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Increasingly pessimistic

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6 mins read

By Craig Erlam

European stock markets are poised for another weak open as much of Asia reopened on Tuesday to large declines.

Asia is flashing red as it nears the close and Europe may be facing a similarly bleak day.

JP Morgan CEO Jamie Dimon didn’t hold back in his assessment of the economic outlook, adding to the warnings of the IMF and World Bank, among others. Dimon was one of the first earlier this year to warn of far more aggressive monetary tightening and even he proved to be ultra-conservative, even if it didn’t look that way at the time.

There is growing pessimism in the markets and with some big data points to come from the US this week, not to mention the start of earnings season with JP Morgan among those getting us underway, investors should brace for more volatility ahead.

Tight UK labour market making BoE job harder

The UK labour market is showing little sign of loosening, with unemployment in the three months to August falling to 3.5%. At the same time, average earnings including bonuses jumped to 6%, while excluding bonuses they rose to 5.4%.

That’s another sizeable increase but perhaps not surprising when firms are facing labour shortages, according to a report from CBI and Pertemps. At the same time, with inflation running at close to 10% and expected to increase further, real UK incomes remain extremely negative.

One lesson from the pandemic was that companies shouldn’t be in such a rush to let workers go as hiring them back can be difficult and expensive. While that knowledge, alongside higher wages, may help households navigate the cost-of-living crisis and impending recession, it makes the job of reining in inflation that much harder for the Bank of England.

How hard that will prove to be will depend on the Chancellor’s budget in three weeks. Markets expect at least 1% of rate hikes in November, maybe more, but that may well change over the coming weeks.

The pound tumbled again after the data and is threatening to break back below 1.10 against the dollar, a move that will no doubt fuel parity debate once more.

Oil eases amid more recession warnings

Oil prices are paring recent gains for the second day as the IMF and World Bank warn of an increased risk of a global recession. Those warnings won’t come as an enormous surprise given the immense economic headwinds as a result of the pandemic and Russia’s invasion of Ukraine, not to mention the baffling decision by OPEC+ last week to cut output by 2 million barrels per day which will only add to them.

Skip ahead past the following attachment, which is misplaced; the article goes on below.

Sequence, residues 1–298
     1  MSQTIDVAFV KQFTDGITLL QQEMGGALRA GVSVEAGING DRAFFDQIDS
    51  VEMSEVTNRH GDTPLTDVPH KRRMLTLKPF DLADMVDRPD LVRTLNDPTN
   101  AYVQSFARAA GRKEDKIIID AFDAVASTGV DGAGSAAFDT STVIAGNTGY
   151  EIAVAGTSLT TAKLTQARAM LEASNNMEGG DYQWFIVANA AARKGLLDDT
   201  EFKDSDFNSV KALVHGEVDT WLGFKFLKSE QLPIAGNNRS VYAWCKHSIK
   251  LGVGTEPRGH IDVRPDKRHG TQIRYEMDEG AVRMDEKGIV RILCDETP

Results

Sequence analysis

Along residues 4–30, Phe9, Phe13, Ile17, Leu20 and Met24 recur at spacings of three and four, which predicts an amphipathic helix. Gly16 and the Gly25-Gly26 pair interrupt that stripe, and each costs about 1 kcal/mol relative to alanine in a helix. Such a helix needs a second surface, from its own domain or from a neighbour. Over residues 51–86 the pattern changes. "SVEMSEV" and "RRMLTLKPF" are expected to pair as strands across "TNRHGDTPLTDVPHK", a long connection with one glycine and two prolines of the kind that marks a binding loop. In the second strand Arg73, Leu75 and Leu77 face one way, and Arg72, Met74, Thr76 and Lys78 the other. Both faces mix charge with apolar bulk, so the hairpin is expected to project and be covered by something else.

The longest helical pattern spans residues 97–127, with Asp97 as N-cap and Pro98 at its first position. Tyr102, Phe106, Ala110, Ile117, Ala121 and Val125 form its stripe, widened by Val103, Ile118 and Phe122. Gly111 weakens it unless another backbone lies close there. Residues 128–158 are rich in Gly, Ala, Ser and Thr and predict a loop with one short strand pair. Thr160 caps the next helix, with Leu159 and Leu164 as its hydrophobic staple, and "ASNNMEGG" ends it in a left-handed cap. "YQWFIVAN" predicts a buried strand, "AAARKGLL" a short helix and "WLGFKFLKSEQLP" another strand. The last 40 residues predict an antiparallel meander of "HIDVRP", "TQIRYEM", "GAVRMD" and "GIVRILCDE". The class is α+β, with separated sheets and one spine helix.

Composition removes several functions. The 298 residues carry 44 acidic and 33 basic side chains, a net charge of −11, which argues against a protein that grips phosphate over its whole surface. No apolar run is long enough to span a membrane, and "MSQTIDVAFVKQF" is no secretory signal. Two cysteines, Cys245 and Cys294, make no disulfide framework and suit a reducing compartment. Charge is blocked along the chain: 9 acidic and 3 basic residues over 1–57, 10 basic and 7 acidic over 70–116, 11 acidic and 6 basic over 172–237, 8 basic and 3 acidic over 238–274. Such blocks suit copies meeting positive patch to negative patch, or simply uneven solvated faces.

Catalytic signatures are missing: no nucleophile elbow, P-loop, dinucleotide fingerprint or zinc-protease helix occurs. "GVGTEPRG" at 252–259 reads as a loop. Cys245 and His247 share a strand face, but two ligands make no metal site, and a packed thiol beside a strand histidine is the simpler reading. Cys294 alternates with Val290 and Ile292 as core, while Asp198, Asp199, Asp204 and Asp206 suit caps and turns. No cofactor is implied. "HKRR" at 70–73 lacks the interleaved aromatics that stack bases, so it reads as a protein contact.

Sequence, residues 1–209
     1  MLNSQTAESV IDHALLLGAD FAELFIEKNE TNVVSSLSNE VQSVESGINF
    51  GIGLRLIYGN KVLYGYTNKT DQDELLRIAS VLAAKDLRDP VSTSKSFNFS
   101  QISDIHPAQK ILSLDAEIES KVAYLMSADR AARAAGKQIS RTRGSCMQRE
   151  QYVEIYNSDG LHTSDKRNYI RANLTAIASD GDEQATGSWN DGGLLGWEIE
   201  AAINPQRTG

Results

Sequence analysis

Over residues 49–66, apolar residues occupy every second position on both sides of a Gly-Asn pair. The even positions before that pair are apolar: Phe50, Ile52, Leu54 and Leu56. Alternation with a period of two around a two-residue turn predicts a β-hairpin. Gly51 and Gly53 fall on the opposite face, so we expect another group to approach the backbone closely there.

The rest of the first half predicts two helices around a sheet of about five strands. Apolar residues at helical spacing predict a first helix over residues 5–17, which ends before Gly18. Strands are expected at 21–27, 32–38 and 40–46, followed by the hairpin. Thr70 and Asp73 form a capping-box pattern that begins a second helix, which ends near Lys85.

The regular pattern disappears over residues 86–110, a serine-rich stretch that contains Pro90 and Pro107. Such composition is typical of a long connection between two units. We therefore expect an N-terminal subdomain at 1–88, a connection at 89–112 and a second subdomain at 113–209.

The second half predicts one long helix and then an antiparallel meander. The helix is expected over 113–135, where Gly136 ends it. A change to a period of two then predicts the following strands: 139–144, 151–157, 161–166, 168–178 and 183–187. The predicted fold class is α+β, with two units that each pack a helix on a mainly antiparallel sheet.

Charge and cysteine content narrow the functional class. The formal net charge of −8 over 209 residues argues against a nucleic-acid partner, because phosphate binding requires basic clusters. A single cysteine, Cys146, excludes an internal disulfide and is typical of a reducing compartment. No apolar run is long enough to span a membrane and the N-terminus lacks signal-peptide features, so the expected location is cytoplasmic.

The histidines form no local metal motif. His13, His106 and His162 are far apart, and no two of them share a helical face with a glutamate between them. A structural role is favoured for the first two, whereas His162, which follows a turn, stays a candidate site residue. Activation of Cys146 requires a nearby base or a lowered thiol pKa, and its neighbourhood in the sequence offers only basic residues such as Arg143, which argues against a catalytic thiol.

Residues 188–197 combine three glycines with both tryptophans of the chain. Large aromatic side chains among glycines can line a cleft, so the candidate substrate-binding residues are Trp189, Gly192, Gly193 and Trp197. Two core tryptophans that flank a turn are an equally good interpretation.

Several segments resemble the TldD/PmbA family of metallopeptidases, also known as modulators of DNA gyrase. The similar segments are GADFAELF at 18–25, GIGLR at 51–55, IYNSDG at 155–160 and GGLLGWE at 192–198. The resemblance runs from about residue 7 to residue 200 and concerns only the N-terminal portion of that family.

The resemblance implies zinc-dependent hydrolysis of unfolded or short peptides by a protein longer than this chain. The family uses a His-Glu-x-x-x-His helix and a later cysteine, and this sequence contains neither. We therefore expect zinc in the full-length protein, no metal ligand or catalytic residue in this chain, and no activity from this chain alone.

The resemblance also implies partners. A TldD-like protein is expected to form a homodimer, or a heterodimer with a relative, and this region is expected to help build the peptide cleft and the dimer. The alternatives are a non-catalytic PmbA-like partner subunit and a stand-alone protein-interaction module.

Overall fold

Oil prices rose around 20% from their September lows as a result of the output decision and may not be done yet. Prices are now back around levels the alliance appears to be targeting, despite forever claiming that balancing the market is what they’re interested in.

The level everyone is focused on now is $100 which Brent has struggled to overcome since early July. Perhaps with OPEC+ squeezing supply, it will have more luck this time.

Gold crumbles after unsustainable recovery

The rally in gold always looked like it was going to be difficult to sustain in an environment of higher government bond yields and a dominant dollar. And it has well and truly wilted over the last week, initially easing off its highs before totally giving up as it collapsed through $1,700 before stabilising a little on Tuesday around $1,660. ​

A 4% decline in less than a week and it’s hard to see it turning things around without a big helping hand from the US inflation data on Thursday. The Fed minutes will be of interest but to a large extent are outdated at this point.

Even the CPI release may come too late as the Federal Reserve has made it clear that one good reading won’t be enough to change course. We’ll see whether traders agree over the coming days, but early signs aren’t promising.

Key levels below include $1,640 and $1,620, with $1,600 the one to watch. If it manages a recovery, then $1,685-1,690 looks interesting, as it’s a level it has repeatedly rotated around in recent months.

No one panicking just yet

The risk-aversion of recent days hasn’t been ideal for bitcoin either, with the cryptocurrency slipping back below $20,000 and struggling to turn its fortunes around. It’s off more than 1% again Tuesday morning around $19,000, having spent much of the last six days in the red.

Of course, we’ve become accustomed to these fluctuations and the recent sell-off has been modest in pace. No major technical supports have been broken at this stage, so I can’t imagine anyone is panicking. Of course, we’ll see if the same is true after Thursday.

 

Craig Erlam is Senior Market Analyst, UK & EMEA at OANDA

Opinions are the author’s, not necessarily that of OANDA Global Corporation or any of its affiliates, subsidiaries, officers or directors. Leveraged trading is high risk and not suitable for all. Losses can exceed investments.